(b) the expression 'judicial service' means a service consisting exclusively of persons intended to fill the post of District Judge and other civil judicial posts inferior to the post of District Judge.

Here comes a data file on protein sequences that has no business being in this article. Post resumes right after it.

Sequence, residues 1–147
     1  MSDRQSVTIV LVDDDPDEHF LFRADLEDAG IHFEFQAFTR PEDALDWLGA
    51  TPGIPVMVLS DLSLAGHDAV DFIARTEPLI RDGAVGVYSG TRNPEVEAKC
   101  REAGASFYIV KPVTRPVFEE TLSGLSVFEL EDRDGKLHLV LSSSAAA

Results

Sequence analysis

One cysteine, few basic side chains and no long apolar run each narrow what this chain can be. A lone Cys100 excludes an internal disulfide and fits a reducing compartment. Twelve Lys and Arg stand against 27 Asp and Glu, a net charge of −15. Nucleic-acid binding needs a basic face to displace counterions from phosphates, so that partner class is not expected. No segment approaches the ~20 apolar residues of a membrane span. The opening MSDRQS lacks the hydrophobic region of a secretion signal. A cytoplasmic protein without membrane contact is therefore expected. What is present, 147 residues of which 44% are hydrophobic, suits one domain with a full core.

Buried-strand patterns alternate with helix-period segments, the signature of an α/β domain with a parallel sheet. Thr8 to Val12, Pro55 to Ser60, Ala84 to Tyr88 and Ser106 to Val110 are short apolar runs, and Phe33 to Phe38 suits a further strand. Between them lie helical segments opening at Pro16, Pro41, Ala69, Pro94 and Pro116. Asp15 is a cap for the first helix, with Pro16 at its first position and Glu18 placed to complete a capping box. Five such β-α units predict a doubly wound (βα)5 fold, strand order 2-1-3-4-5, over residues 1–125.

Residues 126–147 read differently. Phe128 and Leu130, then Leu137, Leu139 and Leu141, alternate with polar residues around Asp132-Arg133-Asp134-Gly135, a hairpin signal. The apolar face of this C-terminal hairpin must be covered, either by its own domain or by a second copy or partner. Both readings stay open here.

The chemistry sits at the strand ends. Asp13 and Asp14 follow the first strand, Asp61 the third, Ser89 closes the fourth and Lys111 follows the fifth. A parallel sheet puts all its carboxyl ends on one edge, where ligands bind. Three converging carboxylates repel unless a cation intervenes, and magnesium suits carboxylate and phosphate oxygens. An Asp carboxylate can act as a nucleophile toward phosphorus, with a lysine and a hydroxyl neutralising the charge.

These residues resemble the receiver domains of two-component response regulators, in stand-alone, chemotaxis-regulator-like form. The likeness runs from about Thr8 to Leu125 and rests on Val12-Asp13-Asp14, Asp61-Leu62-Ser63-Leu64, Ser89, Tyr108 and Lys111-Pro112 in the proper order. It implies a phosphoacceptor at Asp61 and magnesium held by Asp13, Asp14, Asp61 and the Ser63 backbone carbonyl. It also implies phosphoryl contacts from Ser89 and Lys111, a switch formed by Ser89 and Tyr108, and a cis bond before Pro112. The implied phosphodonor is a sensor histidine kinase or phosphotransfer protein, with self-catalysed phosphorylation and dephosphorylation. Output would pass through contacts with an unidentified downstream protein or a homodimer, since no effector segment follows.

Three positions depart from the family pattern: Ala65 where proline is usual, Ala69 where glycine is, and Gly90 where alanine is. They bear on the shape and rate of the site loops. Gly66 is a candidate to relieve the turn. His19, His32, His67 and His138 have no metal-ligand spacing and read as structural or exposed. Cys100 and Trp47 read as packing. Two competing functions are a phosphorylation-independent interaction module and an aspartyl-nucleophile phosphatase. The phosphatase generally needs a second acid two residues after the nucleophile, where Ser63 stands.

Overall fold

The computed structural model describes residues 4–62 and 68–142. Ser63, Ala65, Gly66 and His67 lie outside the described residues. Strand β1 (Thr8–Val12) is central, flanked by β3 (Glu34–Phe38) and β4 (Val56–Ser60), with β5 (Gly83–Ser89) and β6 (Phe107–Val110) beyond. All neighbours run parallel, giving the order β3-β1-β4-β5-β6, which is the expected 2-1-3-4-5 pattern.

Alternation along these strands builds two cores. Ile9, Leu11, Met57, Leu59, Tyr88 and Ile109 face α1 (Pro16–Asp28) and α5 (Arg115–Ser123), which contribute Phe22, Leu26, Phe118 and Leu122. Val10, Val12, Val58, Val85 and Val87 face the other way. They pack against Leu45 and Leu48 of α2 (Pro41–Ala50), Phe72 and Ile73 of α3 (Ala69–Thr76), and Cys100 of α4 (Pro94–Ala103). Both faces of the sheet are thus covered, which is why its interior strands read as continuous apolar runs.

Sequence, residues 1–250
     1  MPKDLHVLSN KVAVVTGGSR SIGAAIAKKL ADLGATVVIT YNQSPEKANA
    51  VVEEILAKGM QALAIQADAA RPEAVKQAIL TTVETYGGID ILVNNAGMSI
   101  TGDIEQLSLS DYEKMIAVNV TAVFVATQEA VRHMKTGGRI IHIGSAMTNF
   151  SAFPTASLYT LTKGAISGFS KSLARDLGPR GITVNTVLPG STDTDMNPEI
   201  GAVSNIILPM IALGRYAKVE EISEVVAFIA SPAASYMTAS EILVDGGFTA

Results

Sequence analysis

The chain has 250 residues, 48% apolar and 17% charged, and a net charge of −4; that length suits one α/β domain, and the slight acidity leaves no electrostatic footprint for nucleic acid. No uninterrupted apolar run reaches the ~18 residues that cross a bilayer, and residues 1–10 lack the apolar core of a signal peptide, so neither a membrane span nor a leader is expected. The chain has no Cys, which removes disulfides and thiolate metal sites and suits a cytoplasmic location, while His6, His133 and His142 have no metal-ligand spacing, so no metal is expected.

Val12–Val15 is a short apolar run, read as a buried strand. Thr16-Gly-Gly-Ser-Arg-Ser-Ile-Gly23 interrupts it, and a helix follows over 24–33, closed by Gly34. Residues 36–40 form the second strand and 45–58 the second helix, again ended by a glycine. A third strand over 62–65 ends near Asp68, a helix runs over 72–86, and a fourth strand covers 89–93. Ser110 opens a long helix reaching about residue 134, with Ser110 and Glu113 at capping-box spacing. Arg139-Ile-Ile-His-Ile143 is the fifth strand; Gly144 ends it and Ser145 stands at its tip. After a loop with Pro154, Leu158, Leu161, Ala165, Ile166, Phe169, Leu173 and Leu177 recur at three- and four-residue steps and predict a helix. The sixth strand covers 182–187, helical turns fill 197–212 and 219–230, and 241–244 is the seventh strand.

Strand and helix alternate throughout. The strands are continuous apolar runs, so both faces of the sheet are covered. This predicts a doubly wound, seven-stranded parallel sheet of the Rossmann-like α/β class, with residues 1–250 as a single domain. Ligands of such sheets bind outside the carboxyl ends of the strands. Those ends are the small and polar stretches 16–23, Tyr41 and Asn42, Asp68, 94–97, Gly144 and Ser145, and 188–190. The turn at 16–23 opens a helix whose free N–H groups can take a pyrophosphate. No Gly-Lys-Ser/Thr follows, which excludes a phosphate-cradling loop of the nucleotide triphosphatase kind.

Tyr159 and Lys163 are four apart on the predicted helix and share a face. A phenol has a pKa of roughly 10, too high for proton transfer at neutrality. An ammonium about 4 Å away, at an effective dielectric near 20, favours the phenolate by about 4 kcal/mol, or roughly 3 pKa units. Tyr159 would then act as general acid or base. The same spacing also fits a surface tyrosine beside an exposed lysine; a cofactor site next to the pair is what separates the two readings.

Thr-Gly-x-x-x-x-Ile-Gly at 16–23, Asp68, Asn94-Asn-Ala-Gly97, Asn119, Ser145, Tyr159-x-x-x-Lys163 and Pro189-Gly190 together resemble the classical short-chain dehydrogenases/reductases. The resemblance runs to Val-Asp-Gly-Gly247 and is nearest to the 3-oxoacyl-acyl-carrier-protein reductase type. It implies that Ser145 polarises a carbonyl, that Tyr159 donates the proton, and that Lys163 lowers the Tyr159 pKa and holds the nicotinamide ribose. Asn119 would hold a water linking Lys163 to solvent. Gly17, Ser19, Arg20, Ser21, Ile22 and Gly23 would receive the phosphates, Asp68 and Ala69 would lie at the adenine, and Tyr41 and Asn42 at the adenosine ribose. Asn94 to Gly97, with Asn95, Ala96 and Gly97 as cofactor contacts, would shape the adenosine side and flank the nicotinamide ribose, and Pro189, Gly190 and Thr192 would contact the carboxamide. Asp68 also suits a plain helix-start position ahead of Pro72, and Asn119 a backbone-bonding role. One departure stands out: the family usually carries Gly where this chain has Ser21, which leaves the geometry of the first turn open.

Article 237 enables the Governor by notification to direct that the provisions of Chapter VI of the Constitution (in which occur Articles 234 - 236) shall apply in relation to any class or classes of Magistrates in the State as they apply to persons appointed to the judicial service, subject to such exceptions and modifications as may be specified. Article 238 of the Constitution (now repealed) enabled the power to be exercised by the Raj Pramukh in a Part B State. After the notification dated 28-7-1955 was issued, Rule 2 of the Travancore-Cochin Judicial Service Recruitment of Munsifs Rules, 1953, was amended on 26-6-1957, so as to bring in, inter alia, Stipendary Magistrates also as a category for appointment of Munsifs. By G.O. MS. 368 dated 28-4-1959, issued under Article 237 of the Constitution, the Governor of Kerala directed that with effect from 1st May, 1955, the provisions of Article 234 of the Constitution shall apply to all Judicial Magistrates, and of Article 235, to the District Magistrates of the State. Article 234, it may be noted directs that appointment of persons other than District Judges to the Judicial Service of State, shall be made by the Governor in accordance with the Rules made by him, after consultation with the Public Service Commission and with the High Court. By G.O. (P) 383/ Home dated 5th May, 1959 the Government referred to the earlier Travancore-Cochin G.O. dated 29-4-1955 (referred to earlier) and to a G.O. dated 29-4-1952 issued by the Madras Government for separation of the Judicial and Executive Magistrates in the Madras State, which had application in the Malabar area. In supersession of the instructions contained in these G.Os. the Government issued revised instructions defining the powers of the Judicial and Executive Magistrates, Paragraph 7 of these instructions noted that the Judicial Magistrates would consist of: (1) District Magistrates; (2) Sub-Divisional Magistrates ; and (3) 1st Class Magistrates and Sub-Magistrates. Paragraph 10 stated that administratively and judicially, the District Magistrates will be subordinate to the High Court and the power of the appointment, transfer, and of investitute of Magisterial power will be with the Governor acting on the recommendation of the High Court. This was followed by G.O. M.S. 850/Pub. Integration Department dated 24-9-1959 published in the Gazette dated 6th October, 1959 issued under Article 234 of the Constitution. The said Rules directed by Rule 1, that salaried Magisterial Officers of the former Travancore-Cochin State in the categories of District Magistrates and Sub-Divisional Magistrates Grade I and II shall be eligible for appointment to the categories of Sub-Judges and Munsifs, in the Civil Judicial posts, provided they possessed the requisite qualifications. Rule 2 provided that the District Magistrates and Sub-Divisional Magistrates of Travancore-Cochin, appointed as Sub-Judges and District Munsifs had to undergo probation. This had been preceded or accompanied by G.O. MS. 851/Pub. (Integration) dated 24-9-1959. That G.O. recalled that the High Court had expressed the view that it will not be proper to equate the District Magistrates and Sub-Divisional Grade I and II of Executive origin belonging to the Travancore-Cochin Branch with the Civil Judicial Officers, and had suggested that the two should be kept separate until the Magisterial Officers are inducted into the Civil Judiciary in the manner prescribed in Article 234 of the Constitution. The Government recorded its agreement with the High Court and ordered that the District Magistrates and Sub-Divisional Magistrates referred to will not be integrated with the Judicial Officers as on 1-11-1956 or promoted to posts in the Civil Judiciary. Three posts of District Magistrates and eight posts of Sub-Divisional Magistrates were constituted as a separate wing outside the Civil Judiciary to enable the then incumbents to continue in the posts. These three posts of District Magistrates were also set apart exclusively for the promotion of the eight Sub-Divisional Magistrates. The posts thus set apart outside the sphere of Civil Judiciary (three posts of District Magistrates and eight posts of Sub-Divisional Magistrates) were to cease to exist when the then incumbents vacated them, by retirement or promotion or otherwise. Suitable Civil Judicial posts were to be created in their place where necessary. It was also directed that such of the District Magistrates and Sub-Divisional Magistrates of Travancore-Cochin Branch as may be found by the High Court as suitable will be taken to the Civil Judiciary as and when opportunities occur. In order to enable the High Court to do this, it was stated that the necessary rule under Article 234 of the Constitution was being issued separately. The necessary rule under Article 234 to which reference is made, was, G.O. MS. 850, which we have noticed. The object sought to be achieved by the G.O. MS. 851 and the Rule issued under Article 234, was to allow the three posts of District Magistrates and eight posts of Sub-Divisional Magistrates to taper off and wither away when they became vacant, by promotion, retirement or otherwise of their then incumbents, who may be absorbed, if found suitable, into the Civil Judiciary under the newly issued rules.